Bailor

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Bailor

In law, a person or company that temporarily gives possession of its property to another party. Unlike a lessor, a bailor does not allow the other party (called a bailee) to use the property in question. See also: Bailment.
References in periodicals archive ?
The relationship of bailor and bailee never came into existence because plaintiff did not entrust his coat to defendant.
A bailment for the sole benefit of the bailor exists when the bailee receives no benefit from the bailment.
In a bailment such as this, entered for the sole benefit of the bailor, the bailee is obligated to exercise only a slight degree of care over the bailed goods.
A bailment for the sole benefit of the bailee exists where the bailor lends property to the bailee and receives nothing in return.
In the first example, the traveler (bailee) receives the use of the car, and the car rental company (bailor) receives money.
In a mutual-benefit bailment, the bailor has responsibilities as well as the bailee.
(xi) In special circumstances breach of bailment may also consist of the bailee's failure to seek out the owner and return the goods to him/her in circumstances where the bailor is not in a position to claim them directly.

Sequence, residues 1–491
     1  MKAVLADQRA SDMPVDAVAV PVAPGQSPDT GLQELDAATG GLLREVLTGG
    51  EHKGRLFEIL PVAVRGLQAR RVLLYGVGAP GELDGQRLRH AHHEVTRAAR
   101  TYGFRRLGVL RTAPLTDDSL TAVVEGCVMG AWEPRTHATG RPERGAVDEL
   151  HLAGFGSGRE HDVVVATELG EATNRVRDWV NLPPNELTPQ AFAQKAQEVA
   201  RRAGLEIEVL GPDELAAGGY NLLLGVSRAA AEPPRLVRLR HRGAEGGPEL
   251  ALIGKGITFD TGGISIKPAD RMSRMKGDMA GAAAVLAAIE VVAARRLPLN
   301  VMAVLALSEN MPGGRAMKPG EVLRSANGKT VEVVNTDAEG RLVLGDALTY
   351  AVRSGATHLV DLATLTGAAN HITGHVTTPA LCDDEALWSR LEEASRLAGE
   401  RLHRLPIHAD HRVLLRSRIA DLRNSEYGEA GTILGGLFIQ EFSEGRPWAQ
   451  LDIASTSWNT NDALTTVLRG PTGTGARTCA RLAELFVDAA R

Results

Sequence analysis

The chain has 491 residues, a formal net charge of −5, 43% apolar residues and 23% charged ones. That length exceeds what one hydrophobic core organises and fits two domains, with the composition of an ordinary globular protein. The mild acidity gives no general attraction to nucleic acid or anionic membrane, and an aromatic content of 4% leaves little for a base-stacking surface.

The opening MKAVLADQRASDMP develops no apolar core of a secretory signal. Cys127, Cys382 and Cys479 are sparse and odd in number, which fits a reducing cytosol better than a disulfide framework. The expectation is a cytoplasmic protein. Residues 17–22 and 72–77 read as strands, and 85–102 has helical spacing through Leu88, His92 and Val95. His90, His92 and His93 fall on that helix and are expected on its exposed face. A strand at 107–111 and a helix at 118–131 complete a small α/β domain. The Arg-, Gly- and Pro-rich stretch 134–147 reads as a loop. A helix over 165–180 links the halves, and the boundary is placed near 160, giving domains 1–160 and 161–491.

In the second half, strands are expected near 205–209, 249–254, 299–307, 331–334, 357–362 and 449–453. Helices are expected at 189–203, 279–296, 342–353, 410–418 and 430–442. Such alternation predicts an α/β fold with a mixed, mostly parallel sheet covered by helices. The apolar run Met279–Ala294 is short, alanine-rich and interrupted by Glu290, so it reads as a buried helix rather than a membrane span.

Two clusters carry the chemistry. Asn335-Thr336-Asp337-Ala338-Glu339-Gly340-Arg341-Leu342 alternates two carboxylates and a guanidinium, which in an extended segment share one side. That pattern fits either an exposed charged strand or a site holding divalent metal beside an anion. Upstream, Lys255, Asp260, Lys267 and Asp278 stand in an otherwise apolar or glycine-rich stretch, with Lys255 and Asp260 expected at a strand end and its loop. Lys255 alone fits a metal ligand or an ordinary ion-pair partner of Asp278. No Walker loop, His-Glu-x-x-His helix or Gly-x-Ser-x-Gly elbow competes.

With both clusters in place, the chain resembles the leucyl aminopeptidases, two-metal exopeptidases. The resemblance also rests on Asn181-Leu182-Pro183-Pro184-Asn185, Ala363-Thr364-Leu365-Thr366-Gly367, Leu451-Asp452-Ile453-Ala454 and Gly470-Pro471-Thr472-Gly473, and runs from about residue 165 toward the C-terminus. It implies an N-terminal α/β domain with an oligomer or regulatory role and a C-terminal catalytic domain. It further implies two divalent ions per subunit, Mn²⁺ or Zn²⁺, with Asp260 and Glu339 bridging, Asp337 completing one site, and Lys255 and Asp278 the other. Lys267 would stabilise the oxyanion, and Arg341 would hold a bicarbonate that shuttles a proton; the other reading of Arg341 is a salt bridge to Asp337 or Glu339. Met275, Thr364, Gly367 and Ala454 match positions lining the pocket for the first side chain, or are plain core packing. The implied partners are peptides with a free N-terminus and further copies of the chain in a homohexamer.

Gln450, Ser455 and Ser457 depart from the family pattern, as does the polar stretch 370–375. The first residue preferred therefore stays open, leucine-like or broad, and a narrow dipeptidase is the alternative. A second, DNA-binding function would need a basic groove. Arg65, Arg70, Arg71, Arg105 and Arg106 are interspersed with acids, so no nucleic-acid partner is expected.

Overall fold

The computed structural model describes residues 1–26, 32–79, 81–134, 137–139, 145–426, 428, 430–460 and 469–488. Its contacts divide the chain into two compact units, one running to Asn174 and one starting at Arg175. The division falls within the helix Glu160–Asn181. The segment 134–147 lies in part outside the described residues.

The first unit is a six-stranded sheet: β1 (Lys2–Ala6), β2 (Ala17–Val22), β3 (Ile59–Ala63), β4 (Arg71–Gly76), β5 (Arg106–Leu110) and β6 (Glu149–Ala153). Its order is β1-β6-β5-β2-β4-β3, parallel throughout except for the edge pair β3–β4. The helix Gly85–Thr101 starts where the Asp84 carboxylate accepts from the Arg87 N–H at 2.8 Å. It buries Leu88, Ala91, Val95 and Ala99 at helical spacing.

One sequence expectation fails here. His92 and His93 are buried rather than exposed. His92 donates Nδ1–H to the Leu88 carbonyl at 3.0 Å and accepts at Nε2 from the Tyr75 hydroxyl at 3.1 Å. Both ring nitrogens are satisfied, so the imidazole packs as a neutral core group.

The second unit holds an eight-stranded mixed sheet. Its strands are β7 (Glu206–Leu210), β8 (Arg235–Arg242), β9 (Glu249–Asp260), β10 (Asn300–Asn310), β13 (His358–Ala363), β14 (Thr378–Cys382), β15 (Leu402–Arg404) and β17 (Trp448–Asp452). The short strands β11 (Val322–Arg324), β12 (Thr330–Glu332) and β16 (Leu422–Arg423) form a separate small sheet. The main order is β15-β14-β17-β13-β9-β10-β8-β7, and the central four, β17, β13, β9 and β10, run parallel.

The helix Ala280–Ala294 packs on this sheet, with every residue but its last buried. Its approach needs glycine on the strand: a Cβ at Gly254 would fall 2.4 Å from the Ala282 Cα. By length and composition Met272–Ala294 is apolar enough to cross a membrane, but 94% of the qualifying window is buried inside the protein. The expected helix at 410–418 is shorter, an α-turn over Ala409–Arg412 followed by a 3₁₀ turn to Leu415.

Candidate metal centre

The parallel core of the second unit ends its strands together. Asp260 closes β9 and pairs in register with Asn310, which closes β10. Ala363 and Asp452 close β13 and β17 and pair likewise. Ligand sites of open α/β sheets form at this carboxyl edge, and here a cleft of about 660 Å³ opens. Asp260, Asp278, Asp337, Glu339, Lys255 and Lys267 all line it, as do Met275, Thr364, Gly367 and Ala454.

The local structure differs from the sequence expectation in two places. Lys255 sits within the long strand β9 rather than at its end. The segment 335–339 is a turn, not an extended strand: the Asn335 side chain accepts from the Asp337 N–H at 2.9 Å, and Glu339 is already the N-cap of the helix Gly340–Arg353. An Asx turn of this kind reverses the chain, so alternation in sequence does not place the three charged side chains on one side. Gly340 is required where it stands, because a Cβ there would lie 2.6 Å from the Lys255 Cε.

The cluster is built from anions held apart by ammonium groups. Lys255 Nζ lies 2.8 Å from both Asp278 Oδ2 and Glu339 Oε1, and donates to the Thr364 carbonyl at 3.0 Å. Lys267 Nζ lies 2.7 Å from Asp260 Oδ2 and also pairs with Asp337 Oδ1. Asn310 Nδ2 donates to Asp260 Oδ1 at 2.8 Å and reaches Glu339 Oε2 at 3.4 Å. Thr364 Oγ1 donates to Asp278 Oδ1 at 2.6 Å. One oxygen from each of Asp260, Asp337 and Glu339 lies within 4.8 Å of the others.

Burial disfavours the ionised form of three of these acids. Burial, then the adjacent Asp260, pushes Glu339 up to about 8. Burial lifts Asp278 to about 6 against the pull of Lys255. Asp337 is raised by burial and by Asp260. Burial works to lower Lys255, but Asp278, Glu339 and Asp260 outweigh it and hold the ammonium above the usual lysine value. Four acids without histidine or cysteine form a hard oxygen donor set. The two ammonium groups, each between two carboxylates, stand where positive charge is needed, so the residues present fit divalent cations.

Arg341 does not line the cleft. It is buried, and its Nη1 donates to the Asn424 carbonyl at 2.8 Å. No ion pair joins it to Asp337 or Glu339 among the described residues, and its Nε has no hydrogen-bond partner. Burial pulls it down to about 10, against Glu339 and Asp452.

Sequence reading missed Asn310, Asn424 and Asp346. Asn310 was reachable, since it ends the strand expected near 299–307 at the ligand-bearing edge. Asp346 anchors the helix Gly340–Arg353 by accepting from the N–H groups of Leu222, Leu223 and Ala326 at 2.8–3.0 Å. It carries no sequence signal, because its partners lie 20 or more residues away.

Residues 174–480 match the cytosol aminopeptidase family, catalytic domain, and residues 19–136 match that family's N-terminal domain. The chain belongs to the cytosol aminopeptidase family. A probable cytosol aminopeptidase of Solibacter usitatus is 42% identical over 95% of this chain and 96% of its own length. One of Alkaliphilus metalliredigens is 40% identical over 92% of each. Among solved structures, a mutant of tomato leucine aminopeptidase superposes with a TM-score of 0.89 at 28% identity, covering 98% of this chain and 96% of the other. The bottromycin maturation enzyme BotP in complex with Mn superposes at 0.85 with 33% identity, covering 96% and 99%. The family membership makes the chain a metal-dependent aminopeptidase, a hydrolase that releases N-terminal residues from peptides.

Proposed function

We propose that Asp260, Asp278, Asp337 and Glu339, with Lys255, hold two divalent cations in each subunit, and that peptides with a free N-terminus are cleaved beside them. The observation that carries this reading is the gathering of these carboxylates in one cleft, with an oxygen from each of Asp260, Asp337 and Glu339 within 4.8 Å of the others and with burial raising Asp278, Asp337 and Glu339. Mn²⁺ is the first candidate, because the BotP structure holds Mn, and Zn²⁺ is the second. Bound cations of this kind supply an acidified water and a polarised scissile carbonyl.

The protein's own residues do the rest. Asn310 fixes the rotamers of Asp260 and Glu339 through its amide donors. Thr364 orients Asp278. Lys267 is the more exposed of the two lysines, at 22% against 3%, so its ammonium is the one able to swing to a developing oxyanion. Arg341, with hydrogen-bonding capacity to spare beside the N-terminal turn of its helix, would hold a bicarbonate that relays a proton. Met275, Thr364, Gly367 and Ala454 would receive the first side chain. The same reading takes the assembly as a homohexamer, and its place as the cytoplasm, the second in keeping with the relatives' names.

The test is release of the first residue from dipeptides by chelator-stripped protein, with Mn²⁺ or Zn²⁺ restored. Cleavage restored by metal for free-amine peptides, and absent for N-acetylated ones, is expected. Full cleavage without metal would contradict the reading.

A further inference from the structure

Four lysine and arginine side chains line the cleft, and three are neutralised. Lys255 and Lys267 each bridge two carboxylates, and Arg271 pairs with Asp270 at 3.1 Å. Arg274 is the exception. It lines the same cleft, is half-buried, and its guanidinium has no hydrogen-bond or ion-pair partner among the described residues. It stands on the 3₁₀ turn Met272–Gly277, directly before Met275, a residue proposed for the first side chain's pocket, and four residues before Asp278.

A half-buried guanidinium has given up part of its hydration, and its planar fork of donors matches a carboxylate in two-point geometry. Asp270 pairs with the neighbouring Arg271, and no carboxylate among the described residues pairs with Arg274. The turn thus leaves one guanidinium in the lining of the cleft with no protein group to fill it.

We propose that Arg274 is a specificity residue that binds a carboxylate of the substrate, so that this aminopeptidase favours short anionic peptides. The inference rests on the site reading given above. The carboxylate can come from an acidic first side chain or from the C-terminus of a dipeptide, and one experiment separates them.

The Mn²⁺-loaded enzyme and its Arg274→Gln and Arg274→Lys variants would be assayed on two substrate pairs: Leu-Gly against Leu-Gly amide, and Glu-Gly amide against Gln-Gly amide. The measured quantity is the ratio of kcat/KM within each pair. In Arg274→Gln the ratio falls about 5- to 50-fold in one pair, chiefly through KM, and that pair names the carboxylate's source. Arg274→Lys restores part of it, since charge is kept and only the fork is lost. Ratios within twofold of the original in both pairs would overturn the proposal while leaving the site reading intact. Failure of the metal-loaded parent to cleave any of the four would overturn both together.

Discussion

(xii) The custodial bailee may owe fiduciary duties, such as a duty to account for any unconsented profit derived from the relationship or the duty to avoid a conflict of interest between bailor and bailee.
(xv) In many respects (for example an alleged breach of the duty of care) the bailee carries the burden of showing that he/she has discharged the relevant obligation rather than being entitled to call on the bailor to prove the breach.
(xvii) A bailee is at common law generally debarred from disputing or questioning the bailor's title.
Under such an arrangement the bailee is granted the use and enjoyment of the work in return for some benefit to the bailor which, under the English law of chattel hiring, need not be financial.
Quaere whether this conclusion might be displaced where the bailor is deemed to warrant his/her title in support of the lien.